The PalmOS Sony Ericsson phone is such an obvious strategy that it's surprising it wasn't given the go ahead earlier. Sony Ericsson recently thwarted Nokia's efforts to completely take over Symbian, but they really should have quietly taken out a PalmOS license last year (assuming the Sony PalmOS license isn't transferrable to Sony Ericsson).




******************************************************************
Sony CLIE UX100: 128 MB real RAM, OLED screen. All the PDA anyone really ever wanted.

RE: PDA market
samagonistes @ 1/27/2005 11:40:52 PM # Q
Considering that PDAs are a niche market product, I'm gonna have to agree with TwinTurbo on this one. Where's the profit in being the only fish in a dwindling pond? Also, regarding CLIE sales and MS, the real numbers from flash memory cards are tied in with digital still cameras.

From a Reuters report:
"Shipments of digital cameras are expected to top 20 million units in 2005, up from 17.6 million, with revenue projected to rise to $5 billion from $4.5 billion."

From bizjournal.com (http://www.bizjournals.com/industries/high_tech/internet/2005/01/17/eastbay_story6.html)
"Sales of PDAs in 2004 are now expected to total just 10.8 million - one-third of what was originally forecast - according to IDC."

And finally from ITfacts.com
http://www.itfacts.biz/index.php?id=P715
"Cameras accounted for about 60% of demand worldwide for flash memory cards in 2003, according to research firm IDC. Camera shipments are expected to increase 27% to about 55 mil this year, from 43 mil worldwide last year. By 2007, shipments are projected to reach 81 mil. The worldwide flash memory card market generated $1.7 bil in revenue in 2002, and that total increased by more than 100% last year, according to IDC estimates."

Sony saw the writing on the wall, and for once, rather than throw money at a losing proposition, they jumped ship. This isn't unusual as companies have histories of failed devices. While "death" may be an overly dramatic term to characterize the PDA market, you have to admit that it's no where near the 40-50 million unit market as projected in 2001. Even with introductions of new models with incremental changes, they would only be delaying the inevitable.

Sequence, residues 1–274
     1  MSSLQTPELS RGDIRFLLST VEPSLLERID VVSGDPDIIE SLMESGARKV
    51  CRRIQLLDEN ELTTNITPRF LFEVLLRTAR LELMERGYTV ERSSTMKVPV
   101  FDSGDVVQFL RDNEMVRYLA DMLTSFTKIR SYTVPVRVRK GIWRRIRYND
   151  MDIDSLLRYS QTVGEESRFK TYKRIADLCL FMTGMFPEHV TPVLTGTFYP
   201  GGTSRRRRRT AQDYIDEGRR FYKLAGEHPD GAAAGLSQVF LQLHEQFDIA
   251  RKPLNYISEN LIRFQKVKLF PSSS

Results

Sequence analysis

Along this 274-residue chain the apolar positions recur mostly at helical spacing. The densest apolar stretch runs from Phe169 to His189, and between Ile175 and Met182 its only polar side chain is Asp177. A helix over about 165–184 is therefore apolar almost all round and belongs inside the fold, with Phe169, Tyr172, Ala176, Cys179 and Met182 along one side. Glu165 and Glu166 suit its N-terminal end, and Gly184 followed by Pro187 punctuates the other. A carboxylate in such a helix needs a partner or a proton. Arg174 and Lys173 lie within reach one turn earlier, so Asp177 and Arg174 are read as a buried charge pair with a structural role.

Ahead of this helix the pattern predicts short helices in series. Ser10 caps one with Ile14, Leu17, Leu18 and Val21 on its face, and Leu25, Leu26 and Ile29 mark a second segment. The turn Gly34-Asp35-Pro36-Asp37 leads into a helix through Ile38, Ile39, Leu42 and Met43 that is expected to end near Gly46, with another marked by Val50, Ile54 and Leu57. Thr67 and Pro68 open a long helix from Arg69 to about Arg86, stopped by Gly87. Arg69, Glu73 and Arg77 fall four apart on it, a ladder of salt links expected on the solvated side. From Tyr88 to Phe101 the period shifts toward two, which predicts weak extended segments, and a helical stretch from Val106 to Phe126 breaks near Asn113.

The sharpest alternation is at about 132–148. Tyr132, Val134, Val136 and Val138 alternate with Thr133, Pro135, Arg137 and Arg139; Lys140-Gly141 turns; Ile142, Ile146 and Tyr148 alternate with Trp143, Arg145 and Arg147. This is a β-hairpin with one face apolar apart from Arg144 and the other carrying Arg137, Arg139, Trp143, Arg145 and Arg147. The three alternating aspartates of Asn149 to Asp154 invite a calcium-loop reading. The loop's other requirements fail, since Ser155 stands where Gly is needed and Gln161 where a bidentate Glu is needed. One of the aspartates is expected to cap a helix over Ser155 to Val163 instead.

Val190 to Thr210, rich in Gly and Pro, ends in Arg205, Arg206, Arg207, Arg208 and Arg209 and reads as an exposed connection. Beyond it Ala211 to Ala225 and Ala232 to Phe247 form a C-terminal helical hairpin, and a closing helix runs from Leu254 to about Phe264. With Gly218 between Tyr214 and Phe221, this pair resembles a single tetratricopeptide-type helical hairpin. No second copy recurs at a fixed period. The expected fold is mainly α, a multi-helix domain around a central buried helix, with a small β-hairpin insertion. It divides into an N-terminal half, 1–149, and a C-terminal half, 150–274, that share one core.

RE: PDA market
indesman @ 1/28/2005 12:10:42 AM # Q
I have to agree with this line of reasoning. Sony PDA sales are a fraction of its television sales or camcorder sales or digital still camera sales. More PDAs with memory sticks would make only the most infintesimal incremental increase in sales of other products. The other products on the other hand could make a huge impact on sales of PDAs...if anyone really wanted to buy one.

Some of us use and love our PDAs but if they were going to set the world on fire it would have happened by now. They won't go away but they've probably plateaued for the forseeable future.

RE: PDA market
RoadKnight @ 1/28/2005 1:10:33 AM # Q
While everyone here has been predicting the "death" of the PDA for years now(and indeed, some here even making a cottage industry of it), it seems as if most "enterprise" customers haven't heard the news yet and are instead, still buying PDAs in droves.

From a story on itfacts.biz:
"IDC's 2004 mobile devices end-user survey demonstrates that handhelds still dominate company mobility strategies, with over 50% of respondents indicating the PDA as the preferred mobile device as opposed to a voice-centric smart phone or a PDA with telephony capability..."